Editorial: The citizen-led Vancouver City Planning Commission argues for immediate City Council response to our evaporating rental housing supply
According to recent Census figures, more than half of all Vancouverites rent their homes. Fifty two percent of our city is an extraordinary number – over a quarter million of us. Projections for population growth within city boundaries range from 15-30% within a generation. Today, however, there is no purpose-built rental accommodation being built in Vancouver.
To put it simply, the economics in favour of building rental housing do not exist. You will have a hard time persuading any investor to forgo profits simply to build a rental building instead of a condominium. The recent decline in demand for condo housing makes the mathematics of building rental apartments more appealing, but this is a temporary downturn in the economy.
Vancouver is and shall remain an expensive place to buy land and build.
Relying upon senior levels of government for financing or other solutions has proven to be a dead end. The Province has heavily invested in supportive housing for those below the poverty line, and the Feds so far have not found ways to reinstate tax breaks for those who invest in rental buildings.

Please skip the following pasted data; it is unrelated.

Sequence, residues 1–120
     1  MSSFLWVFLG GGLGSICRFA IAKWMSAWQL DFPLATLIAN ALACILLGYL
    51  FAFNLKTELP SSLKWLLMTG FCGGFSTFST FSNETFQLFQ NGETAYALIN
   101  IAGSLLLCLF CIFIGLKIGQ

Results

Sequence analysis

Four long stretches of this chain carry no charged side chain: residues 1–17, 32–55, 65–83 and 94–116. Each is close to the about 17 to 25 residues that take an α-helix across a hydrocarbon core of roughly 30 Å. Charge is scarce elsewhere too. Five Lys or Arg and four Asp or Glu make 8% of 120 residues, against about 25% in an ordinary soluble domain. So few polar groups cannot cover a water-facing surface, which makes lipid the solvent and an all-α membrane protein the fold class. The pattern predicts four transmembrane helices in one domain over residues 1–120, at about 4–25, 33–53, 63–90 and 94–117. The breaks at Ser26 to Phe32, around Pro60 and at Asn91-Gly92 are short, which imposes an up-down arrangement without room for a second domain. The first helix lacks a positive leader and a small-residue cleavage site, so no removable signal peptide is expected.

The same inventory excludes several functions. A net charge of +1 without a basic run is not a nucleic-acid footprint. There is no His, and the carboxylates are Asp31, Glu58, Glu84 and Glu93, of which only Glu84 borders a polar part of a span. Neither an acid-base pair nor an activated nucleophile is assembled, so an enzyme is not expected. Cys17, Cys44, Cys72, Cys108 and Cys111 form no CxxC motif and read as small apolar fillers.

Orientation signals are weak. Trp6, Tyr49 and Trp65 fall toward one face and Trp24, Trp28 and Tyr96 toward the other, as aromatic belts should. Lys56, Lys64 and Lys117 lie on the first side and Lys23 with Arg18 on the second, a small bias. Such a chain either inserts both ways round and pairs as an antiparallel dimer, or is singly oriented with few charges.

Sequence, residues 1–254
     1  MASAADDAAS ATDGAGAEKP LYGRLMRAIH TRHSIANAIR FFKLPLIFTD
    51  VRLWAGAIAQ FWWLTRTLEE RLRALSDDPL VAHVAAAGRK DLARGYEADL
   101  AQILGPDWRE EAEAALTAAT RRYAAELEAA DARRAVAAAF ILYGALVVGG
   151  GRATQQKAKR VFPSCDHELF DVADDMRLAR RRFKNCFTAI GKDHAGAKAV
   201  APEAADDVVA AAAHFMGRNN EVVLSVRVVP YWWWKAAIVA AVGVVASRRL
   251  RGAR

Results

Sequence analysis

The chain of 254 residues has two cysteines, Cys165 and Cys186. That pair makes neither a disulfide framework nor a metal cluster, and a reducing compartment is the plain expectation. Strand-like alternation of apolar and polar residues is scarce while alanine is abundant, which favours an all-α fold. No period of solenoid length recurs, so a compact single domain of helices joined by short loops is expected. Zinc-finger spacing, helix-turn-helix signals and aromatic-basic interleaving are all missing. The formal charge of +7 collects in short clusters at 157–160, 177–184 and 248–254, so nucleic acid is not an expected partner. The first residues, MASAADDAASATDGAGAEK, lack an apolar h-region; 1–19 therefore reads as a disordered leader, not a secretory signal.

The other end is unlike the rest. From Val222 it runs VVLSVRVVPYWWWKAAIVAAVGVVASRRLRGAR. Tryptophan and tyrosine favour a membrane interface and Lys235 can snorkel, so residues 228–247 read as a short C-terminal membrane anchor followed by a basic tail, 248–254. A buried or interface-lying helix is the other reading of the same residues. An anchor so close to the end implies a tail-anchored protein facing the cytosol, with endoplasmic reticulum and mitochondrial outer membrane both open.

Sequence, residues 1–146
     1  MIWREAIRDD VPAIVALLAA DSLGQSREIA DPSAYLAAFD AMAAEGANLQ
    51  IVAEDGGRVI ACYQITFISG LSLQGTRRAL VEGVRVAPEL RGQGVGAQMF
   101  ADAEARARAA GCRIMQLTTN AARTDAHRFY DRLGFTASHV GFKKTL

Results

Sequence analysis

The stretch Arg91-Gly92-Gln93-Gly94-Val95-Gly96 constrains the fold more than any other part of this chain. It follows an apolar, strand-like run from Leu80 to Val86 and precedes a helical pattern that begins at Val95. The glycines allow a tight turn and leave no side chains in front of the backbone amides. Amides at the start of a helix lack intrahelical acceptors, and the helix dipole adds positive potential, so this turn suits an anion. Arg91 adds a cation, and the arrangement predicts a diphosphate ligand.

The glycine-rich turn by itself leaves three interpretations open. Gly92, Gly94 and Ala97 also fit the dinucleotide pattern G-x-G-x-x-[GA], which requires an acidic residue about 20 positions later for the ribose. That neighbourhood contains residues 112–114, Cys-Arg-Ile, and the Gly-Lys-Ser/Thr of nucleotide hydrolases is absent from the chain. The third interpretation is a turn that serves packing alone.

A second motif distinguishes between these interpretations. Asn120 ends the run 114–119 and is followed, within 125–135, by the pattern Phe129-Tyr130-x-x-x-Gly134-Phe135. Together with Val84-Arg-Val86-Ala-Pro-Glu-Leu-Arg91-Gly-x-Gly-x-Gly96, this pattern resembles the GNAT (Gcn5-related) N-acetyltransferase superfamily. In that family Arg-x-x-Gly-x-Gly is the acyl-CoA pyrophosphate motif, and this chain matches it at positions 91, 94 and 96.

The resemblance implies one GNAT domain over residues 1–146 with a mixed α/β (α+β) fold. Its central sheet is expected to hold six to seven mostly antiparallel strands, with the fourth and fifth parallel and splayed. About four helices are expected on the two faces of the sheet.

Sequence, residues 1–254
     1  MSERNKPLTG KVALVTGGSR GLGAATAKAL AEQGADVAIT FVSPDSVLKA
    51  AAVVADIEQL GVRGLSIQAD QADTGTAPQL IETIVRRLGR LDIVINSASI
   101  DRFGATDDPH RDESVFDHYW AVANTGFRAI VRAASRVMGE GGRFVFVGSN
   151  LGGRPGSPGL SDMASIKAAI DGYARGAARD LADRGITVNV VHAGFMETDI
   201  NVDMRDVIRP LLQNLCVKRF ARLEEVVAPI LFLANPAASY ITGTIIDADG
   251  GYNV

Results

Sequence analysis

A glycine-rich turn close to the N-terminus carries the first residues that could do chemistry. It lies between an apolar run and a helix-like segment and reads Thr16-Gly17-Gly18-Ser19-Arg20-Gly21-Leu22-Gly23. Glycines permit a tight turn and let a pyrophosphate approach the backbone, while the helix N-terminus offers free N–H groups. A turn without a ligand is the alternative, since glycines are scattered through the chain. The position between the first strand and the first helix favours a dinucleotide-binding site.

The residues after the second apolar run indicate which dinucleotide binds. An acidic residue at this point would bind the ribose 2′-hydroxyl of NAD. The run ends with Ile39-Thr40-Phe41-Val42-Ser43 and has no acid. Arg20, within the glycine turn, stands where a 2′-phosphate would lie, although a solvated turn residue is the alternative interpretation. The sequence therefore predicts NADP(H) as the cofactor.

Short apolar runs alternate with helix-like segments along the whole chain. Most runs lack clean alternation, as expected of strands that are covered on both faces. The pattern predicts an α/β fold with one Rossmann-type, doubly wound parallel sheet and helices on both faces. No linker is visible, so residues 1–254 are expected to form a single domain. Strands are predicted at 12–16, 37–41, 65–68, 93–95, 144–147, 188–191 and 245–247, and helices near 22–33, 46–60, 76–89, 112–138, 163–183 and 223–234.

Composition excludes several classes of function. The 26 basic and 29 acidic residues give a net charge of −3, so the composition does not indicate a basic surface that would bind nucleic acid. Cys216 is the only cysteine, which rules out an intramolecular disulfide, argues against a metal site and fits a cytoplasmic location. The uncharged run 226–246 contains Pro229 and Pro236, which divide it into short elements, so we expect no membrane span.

It was tax incentives in the 1960s & 1970s that led to the last rental building boom, leaving Vancouver dotted with 40-year old apartments and nothing much newer than that.
Evolving out of this scenario is a perfect storm – a rental housing crisis where apartment-by-apartment families and individuals will lose their place in our city. Our supply of workers will dwindle, and local businesses will struggle with employment challenges.
Whether you are a renter or a home owner in Vancouver, you will be affected.
As an advisory body appointed by City Council, it is the mandate of Vancouver City Planning Commission to raise the alarm on long-term planning issues facing the city. The VCPC created a rental housing proposal that we consider to be an important first step in the urgent debate we all must have about this topic.
We are challenging Vancouver’s business-as-usual approach by inviting everyone running for City Council, as well as our community leaders to read our proposal and become a part of this debate.
The Planning Commission chose to release our proposal to the public, in order to begin this debate immediately.
First, we ask what are we as citizens prepared to give in return for secure, purpose-built rental properties flourishing in our city:
- Are we prepared to bargain with density to persuade developers to build rental accommodation?
- Should we consider shortening covenants on rental-to-strata conversions from 40 years to as low as 10 years?
- Are we prepared to add density around transportation nodes and our neighbourhood centres, and reduce building parking requirements?
- Would we be willing to go as far as to consider rental housing as a ‘public benefit’?
Will you join the debate?
Read the VCPC’s Market Rental Proposal